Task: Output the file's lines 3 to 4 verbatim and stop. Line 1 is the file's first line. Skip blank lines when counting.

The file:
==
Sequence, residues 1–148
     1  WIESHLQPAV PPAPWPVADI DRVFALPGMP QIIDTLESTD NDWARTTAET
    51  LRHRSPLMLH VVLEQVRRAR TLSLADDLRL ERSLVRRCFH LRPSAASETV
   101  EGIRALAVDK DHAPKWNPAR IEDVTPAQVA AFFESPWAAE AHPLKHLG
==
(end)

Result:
    51  LRHRSPLMLH VVLEQVRRAR TLSLADDLRL ERSLVRRCFH LRPSAASETV
   101  EGIRALAVDK DHAPKWNPAR IEDVTPAQVA AFFESPWAAE AHPLKHLG